“It’s just an incredible educational experience,” Smith said. “There’s nothing quite like the real thing.”
Smith said the exchange also gives students a global and international feel, which is part of everyone’s world today. “These kids are beginning to form ideas of what it’s like to be in a different country. The obvious advantage is the academic knowledge. They’re immersed 24-7 in the language.”
And that’s a key part of the exchange. Schwank said the students worked at speaking German when there, but at times were more successful than others. “I knew my sentences weren’t always correct, but I was getting my point across,” she said.
Clyde noted that the German students “were much better in English than we were in German,” something he noticed during their time in Ann Arbor.
Clyde and Schwank are in third year German at Huron this year and McCoy in her second year of study. Schwank chose to study German because it was a natural for her. Her father is Austrian, so she has many relatives who speak the language. Clyde said he loves history, especially studies of the World Wars, so German seemed an interesting language to study. McCoy had taken Spanish, but was tired of it and wanted to try something new.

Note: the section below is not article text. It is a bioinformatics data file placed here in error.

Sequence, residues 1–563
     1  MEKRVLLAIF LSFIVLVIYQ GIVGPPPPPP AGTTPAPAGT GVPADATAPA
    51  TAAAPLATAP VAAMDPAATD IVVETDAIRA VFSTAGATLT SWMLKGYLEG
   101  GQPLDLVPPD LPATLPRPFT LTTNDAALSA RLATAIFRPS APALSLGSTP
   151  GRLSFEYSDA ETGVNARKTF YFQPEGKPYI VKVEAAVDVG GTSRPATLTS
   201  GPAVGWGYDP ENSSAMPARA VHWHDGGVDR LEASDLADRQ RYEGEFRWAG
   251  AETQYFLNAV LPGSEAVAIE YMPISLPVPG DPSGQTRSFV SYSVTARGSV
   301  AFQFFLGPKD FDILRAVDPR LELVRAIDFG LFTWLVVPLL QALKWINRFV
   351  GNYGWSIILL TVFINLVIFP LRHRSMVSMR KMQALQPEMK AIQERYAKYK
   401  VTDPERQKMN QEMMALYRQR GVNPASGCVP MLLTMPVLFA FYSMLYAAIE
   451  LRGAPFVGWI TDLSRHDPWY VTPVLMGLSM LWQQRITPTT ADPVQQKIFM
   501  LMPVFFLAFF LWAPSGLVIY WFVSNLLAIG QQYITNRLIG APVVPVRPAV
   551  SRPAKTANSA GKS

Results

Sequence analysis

While in Tübingen, Ann Arbor students got to experience World Cup soccer play, German-style, where large outdoor screens were set up for the entire community to enjoy. Schwank said German flags were flying everywhere and the pride was evident.
Another thing they noticed: Youngsters in Germany are much more multi-lingual than in the United States. “They were taught language from the second grade and then they add a language,” said McCoy, the youngest member of the Huron travel group. Clyde added: “They’re like tri-lingual.”
In addition to experiencing the culture in Tübingen, the students noticed some differences in the way German high school students function in their everyday lives compared with their own. Most everyone in Germany walks or takes the bus and train and, since there’s always public transportation available, families don’t worry as much about how their children get home, the students said.
Schwank said students made their way easily around the city and got to know it better than they know Ann Arbor.
Plus, there’s an independence about the German culture, Clyde said. “The freedom was nice. We really liked the public transportation.”
When they went on day trips, “host parents would pack you some sausages uncooked and some bread,” Clyde said. “You would just roast the sausages on a fire. We mastered cooking.”
The group developed bonds among their own group that they didn’t have before their travels. “Most of us didn’t know each other very well. We made a lot of friends,” Schwank said.
Clyde said he likes to cook, so he’s hoping to get the travel group together this fall for a party and a pretzel-making party – one of the many snacks and foods the students enjoyed while in Germany. The students also enjoyed döner kebabs, a Turkish grilled meat that was enjoyed everywhere they went.